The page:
Social media can be a powerful means of announcing news, engaging people in a dialogue and establishing a company’s credibility with potential customers.
Nowhere is this opportunity more important, and nowhere is this summons to communicate less common, than among the majority of life insurance agents. These individuals may have their own accounts on Facebook and Twitter, among many other sites, or their respective employers may have official pages with tens of thousands of “likes” and “followers.”
Put aside, for a moment, how many of these so-called fans are real, as opposed to bogus accounts that give the appearance of national or even international popularity, and focus, instead, on the posts and tweets that these companies publish. That content – and its conflation of typing with writing, as if banging on a keyboard will produce beautiful copy – is often nothing more than a sentence fragment and a link to some promotional page.
Please note: As a fellow life insurance professional, I have no interest in bashing my industry or condemning my competitors because, despite what some outsiders may believe, our business is not a zero-sum game; there is plenty of room for growth, which is another way of saying that we can – and we must – compete fairly while we cooperate with one another fully.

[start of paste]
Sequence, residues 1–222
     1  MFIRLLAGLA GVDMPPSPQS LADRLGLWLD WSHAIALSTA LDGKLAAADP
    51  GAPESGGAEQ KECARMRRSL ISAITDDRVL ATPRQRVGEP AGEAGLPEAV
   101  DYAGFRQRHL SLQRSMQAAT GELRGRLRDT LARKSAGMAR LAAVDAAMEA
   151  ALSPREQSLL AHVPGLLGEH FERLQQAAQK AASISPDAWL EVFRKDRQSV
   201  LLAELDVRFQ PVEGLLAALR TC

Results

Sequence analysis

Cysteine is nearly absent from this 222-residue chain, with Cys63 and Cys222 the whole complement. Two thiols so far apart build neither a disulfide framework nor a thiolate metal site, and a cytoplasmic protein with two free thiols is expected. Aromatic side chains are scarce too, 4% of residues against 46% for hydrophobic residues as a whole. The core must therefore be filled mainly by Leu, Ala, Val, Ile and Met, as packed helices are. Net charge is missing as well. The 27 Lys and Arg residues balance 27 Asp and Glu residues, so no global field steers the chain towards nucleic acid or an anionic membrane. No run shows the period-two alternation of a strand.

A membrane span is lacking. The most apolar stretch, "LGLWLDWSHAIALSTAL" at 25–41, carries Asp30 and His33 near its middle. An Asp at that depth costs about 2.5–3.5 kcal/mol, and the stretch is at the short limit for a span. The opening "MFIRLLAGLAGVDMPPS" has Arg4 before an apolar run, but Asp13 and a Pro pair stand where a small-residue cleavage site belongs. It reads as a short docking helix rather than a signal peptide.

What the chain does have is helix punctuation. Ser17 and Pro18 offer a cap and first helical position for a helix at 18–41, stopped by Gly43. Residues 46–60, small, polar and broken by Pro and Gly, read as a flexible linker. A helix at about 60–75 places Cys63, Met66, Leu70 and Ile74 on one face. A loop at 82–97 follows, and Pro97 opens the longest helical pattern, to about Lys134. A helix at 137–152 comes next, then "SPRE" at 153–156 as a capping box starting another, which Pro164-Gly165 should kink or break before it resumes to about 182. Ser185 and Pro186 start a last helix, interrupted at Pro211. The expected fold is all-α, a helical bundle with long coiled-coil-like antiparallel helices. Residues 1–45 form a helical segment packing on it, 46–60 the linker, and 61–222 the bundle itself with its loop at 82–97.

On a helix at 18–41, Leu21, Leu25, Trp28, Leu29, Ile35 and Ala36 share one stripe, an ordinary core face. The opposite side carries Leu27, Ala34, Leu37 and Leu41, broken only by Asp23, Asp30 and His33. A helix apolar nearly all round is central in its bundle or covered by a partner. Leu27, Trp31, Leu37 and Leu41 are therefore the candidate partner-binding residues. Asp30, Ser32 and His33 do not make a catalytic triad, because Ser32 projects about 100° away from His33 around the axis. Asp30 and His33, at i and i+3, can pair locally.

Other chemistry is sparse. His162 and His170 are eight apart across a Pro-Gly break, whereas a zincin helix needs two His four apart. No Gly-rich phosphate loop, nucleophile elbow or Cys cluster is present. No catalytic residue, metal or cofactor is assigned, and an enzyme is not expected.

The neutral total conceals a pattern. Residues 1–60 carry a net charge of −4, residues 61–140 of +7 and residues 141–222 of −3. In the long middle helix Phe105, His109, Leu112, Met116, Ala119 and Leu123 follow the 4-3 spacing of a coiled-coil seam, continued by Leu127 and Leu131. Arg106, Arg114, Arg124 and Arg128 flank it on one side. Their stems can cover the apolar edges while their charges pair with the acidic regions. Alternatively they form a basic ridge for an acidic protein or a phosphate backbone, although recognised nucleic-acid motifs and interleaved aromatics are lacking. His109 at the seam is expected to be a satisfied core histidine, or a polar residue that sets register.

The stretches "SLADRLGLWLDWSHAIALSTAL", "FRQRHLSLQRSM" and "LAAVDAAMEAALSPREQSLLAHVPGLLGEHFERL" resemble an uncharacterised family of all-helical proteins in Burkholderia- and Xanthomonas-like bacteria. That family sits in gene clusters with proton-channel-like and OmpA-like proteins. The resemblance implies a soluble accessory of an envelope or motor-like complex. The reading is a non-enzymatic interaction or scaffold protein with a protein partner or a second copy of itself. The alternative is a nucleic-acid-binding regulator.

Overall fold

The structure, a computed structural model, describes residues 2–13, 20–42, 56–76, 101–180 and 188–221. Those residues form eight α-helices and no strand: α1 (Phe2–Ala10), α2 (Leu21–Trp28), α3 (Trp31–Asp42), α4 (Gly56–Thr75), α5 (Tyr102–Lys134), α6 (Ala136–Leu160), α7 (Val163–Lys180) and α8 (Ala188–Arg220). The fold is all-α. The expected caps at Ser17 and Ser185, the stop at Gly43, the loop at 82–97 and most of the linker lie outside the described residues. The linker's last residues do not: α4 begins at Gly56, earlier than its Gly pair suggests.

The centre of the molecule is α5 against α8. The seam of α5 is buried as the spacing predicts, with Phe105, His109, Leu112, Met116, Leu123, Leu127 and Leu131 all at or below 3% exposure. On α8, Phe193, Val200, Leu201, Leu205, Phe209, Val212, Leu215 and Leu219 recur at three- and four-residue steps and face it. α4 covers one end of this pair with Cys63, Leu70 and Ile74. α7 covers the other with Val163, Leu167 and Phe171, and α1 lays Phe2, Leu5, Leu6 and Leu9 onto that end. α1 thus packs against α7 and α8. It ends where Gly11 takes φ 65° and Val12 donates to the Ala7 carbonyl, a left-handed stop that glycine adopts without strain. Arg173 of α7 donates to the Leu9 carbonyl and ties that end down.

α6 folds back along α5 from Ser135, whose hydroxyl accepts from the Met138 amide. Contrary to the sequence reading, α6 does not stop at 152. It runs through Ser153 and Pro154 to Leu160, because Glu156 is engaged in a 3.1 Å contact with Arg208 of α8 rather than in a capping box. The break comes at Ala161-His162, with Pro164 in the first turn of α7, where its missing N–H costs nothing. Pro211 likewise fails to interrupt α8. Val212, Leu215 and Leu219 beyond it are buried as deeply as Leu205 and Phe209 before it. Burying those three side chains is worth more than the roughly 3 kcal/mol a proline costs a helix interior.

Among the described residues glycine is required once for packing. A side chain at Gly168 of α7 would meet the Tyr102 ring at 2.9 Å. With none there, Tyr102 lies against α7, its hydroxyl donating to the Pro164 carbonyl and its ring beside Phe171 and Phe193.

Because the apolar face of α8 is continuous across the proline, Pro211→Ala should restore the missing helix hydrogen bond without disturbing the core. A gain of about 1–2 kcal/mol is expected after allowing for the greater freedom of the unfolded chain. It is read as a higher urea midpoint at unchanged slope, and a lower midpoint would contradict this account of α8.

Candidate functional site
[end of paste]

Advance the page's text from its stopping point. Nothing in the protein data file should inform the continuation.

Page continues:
That means individual agents and life insurance companies need to provide substance – news people can use – and style, written in a way that resonates with readers and amplifies your (or their) distinctive voice. Or, as I like to remind various groups on Twitter: “If you have something to say, then it is worth saying well.”
Start this conversation by asking questions. Find out what your current and prospective customers want to know, and give them answers that are both accurate and accessible.
Which leads me to my final point: Personalize your message – be a voice of reason, not a shouter of gimmicks and slogans – so readers can learn something of value about buying life insurance. And yes, that task requires you to devote some time (at least an hour per day) to writing material that is cogent, concise and complementary (on behalf of the longer, more in-depth content on your website).